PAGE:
Maude Latour

Photo Credit: Erica Hernandez


As a music lover, one of my favorite ways of finding new music is through Instagram stories. When Spotify released the option to share music, I started to routinely post songs that I’m listening to and making note of everyone else’s favorite tunes as well. This feature is how NYC based singer, Maude Latour, started gaining traction and streams for her songs. In fact, her single “Superfruit” gained 250,000 streams within days of release. 

The 19-year-old singer-songwriter was featured as one of Pigeons & Planes July Best New Artist. She’d released a project back in 2018 called High School High and three singles this year with a fourth one coming out today titled “Ride My Bike.” Her music has earned praise from Billboard, The Line of Best Fit, The 405, Ones to Watch, and more. With a cosmic pop sound, she’s an irresistible and fresh addition to the genre and industry.

As the daughter of two journalists, Latour has traveled around the globe, living in places such as London, Stockholm, and Hong Kong, and picked up languages like Dutch and Mandarin. Right now, Latour is attending Columbia University in New York where she’s studying philosophy and political science, both topics that she wants to implement in her lyrics and music. 

Her biggest goal? To be the first president to perform at her own inauguration.

We chatted with Latour about her fun, catchy pop music along with her views on politics and what the future holds for her.


Photo Credit: Mikayla Kitsanpolis


Your single “Ride My Bike” talks about a moment in your life when you felt a lot of stress and anxiety and went to ride your bike to alleviate some of that pain. What inspired you to put that into a song?

I could just feel exactly how the song was supposed to go. I could hear in the back of my mind what it was supposed to sound like, and one day I was fooling around with a vocoder with the producer of this song, Mike Adubado, and I immediately recognized that that’s what this song was supposed to be about. The journey of a bike ride that I knew so well seemed to be the perfect way to tell a larger story of finding freedom in odd places. I knew it was going to come out of the ether at some point, I was just waiting to find out when. 

Do you think this song will help others who also suffer from anxiety to seek out activities that may be as simple as riding their bike?

Maybe in the act of listening to the song, someone can muster up the energy to work out? I hope it at least gives you a nostalgic, magical feeling, especially once you hit the spoken word section. It’s a spiritual song for me.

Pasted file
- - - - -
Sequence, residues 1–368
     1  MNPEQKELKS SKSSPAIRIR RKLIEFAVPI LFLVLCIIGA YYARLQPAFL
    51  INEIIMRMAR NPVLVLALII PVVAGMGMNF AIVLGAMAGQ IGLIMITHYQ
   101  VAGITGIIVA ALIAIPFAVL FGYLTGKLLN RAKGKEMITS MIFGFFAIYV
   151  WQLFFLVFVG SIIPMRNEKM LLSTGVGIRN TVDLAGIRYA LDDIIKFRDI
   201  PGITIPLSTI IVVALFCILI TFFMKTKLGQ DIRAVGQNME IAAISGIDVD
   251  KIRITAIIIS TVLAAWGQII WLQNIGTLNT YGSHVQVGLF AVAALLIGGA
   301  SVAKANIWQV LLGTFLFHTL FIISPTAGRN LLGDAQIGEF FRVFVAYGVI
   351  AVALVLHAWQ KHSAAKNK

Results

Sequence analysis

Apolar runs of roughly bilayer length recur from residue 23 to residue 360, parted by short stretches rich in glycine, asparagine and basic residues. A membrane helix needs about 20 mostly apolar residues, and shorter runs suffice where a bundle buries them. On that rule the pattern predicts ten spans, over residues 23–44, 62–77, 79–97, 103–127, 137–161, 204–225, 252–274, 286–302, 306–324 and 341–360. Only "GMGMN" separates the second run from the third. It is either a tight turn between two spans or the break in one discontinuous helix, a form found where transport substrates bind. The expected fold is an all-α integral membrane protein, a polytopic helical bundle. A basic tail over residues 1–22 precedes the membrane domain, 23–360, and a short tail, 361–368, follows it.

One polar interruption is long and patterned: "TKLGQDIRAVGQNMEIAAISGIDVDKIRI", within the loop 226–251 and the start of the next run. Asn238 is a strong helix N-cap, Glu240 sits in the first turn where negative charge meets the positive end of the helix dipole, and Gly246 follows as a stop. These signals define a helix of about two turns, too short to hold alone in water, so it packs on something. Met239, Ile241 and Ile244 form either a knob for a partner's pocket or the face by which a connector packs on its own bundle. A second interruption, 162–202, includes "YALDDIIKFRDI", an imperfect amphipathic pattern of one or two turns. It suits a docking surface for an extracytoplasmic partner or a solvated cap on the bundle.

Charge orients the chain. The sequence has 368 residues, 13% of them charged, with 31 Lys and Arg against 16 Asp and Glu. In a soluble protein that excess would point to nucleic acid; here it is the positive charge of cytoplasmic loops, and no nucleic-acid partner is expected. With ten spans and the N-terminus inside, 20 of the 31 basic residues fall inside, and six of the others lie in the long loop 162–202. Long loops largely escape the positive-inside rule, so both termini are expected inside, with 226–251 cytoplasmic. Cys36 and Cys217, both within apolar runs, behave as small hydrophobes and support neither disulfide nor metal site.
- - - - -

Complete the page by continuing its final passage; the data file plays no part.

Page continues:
How did you come up with the music video concept?

The director of the video, Tess Lafia, myself, and my manager each separately came up with this idea on our own… I knew it had to be this. I wanted the intimacy of the slow motion and the entire journey into explosion to be clear. It’s a semi-imaginative, dream-like world combined with the actual sweat of me riding a bike. I had such a work out filming the video, and after it was over I felt a new level of connection with the song; it had manifested in a physical way in my body. 


Manhattan is often referenced in your lyrics. You’ve also lived in other cities, such as London, Stockholm, and Hong Kong. Will you be writing songs with references to those places and experiences as well?

I’ve always thought about going back to Hong Kong to write a project, exploring those intense emotions I had there during that stage of my life. Now with the wild protests and violence going on in Hong Kong, that project would seem to take on a whole new meaning in the face of government, control and rebellion. Perhaps one day. For now I’m praying for the safety of Hong Kong residents. 

Your songs often start off with a super chill melody before the beat drops along with the chorus. Is that intentional and the kind of sound you are going for?

Definitely. For me, that was the shift of where the runner’s high kicks in, and you explode into a feeling of true ecstasy. I love how that happens. 

How would you describe your sound evolving with each single you’re putting out?

I think each song is bringing you deeper into this world I’m building: a world of revolutions and freedom and honesty within your own head, where you tell your crush how you feel and you meditate every day and live in an existential world that slowly builds into true gratitude for the privilege of being alive. The music is a window into the philosophy I am building with my life. I’m super proud of what I’ve put out there in the world. With this song, I think it truly all starts to come together to create me.


Photo Credit: Mikayla Kitsanpolis


As a political science student with aspirations to be involved in politics in the future, how does the current state of the country make you feel?

Yeah, there aren’t really words to fully sum that up. We’ve deviated and disappointed the American ideals we’ve always held close. We are an embarrassment to the world right now and we are infringing on the sanctity of being human in the most fundamental way. I am focusing all my energy on the 2020 election and that should be everyone’s priority: staying informed, picking a strong candidate, and not to be distracted by the current president’s antics. 

Where does music fit into your goals for the future?

I hope to explore my musical depths and create bodies of work that continue to reflect a truer side of myself each time, no matter how difficult they are to write. I can’t wait to grow as a human and artist through all of this, writing my way through the world. 


Interview by Naureen Nashid


You don't have permission to register